Why Are Pipes Getting Corroded?

Pipe Corrosion

Pipe corrosion is a concern for many homeowners. Corroded pipes can lead to having to replace an entire plumbing system. An understanding of what causes pipe corrosion and how to prevent it is important to maintaining the health of the plumbing system in your home. If you are dealing with possible corrosion in your pipes, you should have an inspection done or repairs made before the problem worsens. If you find yourself dealing with pipes that have burst due to corrosion, you can contact AHWA for help.

What Causes Pipes to Corrode?

Older pipes are obviously more subject to pipe corrosion than newer systems but pipes installed as recently as two years ago can also exhibit corrosion under the right circumstances. There are several reasons for this, such as the chemical properties of your local water supply. Even the most pristine water can have corrosive qualities that affect pipes. Likewise, harsh drain cleaners can do significant damage, creating the right conditions for corrosion. Some common causes of corrosion to pipes are:

Low pH Water

When discussing the pH balance of water, a number is assigned to represent the water’s acidity. This number ranges from zero to 14. Water with a pH of zero is mostly acidic. The less acidic the water, the higher the number assigned. Fourteen represents mostly alkaline water, with a pH of 7 considered neutral.

If the water supplied to your home has a pH higher than 7, it will foster a copper oxide barrier inside your pipes that helps to slow or reduce corrosion. Water with a neutral pH of 7 or lower will not form this barrier or, in the case where pH has decreased since it formed, will dissolve it. This greatly increases the speed at which corrosion can form. Eventually, the pipes will begin to exhibit tiny holes that will continue to corrode.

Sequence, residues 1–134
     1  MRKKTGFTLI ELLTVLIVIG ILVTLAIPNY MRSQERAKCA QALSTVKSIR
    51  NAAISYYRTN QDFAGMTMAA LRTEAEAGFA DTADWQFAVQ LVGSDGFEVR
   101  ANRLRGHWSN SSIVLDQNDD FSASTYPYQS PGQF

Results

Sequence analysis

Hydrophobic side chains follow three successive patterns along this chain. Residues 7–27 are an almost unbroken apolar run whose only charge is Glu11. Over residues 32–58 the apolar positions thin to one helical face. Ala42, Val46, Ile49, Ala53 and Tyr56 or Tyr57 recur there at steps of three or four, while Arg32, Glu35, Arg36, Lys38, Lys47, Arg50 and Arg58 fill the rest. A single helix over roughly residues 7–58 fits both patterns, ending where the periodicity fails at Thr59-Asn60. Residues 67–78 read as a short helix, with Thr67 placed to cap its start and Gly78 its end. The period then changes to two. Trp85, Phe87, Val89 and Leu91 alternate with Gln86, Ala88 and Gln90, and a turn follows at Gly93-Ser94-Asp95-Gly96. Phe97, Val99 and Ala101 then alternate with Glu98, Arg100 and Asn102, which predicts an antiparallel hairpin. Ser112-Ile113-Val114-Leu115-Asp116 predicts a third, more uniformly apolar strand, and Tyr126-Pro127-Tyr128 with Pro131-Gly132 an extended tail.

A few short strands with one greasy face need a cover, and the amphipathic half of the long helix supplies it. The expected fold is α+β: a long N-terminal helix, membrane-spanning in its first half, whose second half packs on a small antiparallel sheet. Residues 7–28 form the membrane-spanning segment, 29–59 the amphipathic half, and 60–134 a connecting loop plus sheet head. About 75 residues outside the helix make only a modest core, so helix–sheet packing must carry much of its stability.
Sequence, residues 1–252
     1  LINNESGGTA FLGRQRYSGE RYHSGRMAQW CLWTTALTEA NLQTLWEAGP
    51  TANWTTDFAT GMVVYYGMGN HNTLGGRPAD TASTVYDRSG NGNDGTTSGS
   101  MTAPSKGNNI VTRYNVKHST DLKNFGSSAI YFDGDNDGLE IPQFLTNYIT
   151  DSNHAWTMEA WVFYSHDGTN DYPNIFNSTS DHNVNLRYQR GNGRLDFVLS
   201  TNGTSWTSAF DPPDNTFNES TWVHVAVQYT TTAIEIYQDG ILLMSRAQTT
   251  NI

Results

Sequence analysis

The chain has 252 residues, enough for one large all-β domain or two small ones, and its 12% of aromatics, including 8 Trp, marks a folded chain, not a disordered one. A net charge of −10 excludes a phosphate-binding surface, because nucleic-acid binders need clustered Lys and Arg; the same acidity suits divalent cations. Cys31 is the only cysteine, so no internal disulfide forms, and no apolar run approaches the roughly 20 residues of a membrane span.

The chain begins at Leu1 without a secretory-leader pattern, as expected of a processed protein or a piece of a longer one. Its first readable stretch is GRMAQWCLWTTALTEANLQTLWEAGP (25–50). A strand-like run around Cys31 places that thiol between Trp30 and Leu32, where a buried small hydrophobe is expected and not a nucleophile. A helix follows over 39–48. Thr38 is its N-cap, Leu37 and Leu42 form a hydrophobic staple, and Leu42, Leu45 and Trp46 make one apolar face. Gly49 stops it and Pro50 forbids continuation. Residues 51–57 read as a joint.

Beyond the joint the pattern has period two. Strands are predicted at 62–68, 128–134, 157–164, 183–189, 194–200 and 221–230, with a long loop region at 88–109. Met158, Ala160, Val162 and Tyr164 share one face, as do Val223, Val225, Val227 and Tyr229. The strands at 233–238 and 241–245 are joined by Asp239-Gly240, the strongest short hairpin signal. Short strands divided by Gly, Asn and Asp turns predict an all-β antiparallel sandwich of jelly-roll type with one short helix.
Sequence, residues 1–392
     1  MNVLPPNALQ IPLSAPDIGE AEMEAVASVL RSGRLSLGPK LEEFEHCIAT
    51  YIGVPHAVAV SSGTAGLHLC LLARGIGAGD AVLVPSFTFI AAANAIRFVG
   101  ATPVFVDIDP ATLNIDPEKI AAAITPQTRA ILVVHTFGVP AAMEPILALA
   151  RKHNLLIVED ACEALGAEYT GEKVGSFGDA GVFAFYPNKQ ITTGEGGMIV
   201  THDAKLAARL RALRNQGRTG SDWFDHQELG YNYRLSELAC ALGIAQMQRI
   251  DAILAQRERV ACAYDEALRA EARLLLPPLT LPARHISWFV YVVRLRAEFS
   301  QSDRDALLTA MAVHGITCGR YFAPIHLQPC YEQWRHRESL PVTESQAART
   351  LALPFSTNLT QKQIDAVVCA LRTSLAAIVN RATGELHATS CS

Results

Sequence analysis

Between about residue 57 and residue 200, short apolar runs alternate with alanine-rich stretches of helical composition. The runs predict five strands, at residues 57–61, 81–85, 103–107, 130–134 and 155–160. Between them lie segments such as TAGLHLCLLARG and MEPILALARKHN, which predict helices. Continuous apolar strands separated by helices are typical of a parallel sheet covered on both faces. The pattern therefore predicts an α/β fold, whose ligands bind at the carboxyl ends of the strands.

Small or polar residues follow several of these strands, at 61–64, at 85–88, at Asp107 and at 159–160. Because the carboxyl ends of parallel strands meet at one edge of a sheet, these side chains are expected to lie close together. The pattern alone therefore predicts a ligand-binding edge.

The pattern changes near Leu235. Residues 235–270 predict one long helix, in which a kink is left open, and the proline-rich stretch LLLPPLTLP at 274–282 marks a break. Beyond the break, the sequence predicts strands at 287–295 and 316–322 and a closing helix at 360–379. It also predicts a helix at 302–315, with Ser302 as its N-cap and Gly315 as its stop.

Air and Water

Water entering your plumbing has had air dissolved into it. Oxygen will corrode metal through the process of oxidation, a process in which metal is converted to rust. Once this happens, the rusted metal will get weaker, causing three things:

  • Rust will form in your pipes. The rough surface of the rust will grab hold of water impurities and create buildup that affects the quality of your water supply.
  • Your pipes will continue to grow thinner, leading to splits and leaks.
  • Tiny cracks will form. Any pressure on the pipes from the house settling, the Earth shifting, or anything else can cause breakage.

This corrosion process is sped up further when you bring hot water into the mix. So, your hot water lines are far more susceptible than cold water pipes.

High Water Velocity

A closed-loop plumbing system can experience what is called “erosion corrosion.” This happens when large volumes of water are speeding through pipes ill-equipped to handle the velocity because they were poorly soldered. The water wears down the soldering and the pipes, eventually leaving breakage in its wake.

Harsh Drain Cleaners

Chemical-based drain cleaners are designed to burn out whatever may be stuck in your pipes. They can also burn holes in your pipes themselves. Enzymatic and natural drain cleaners are a much better choice.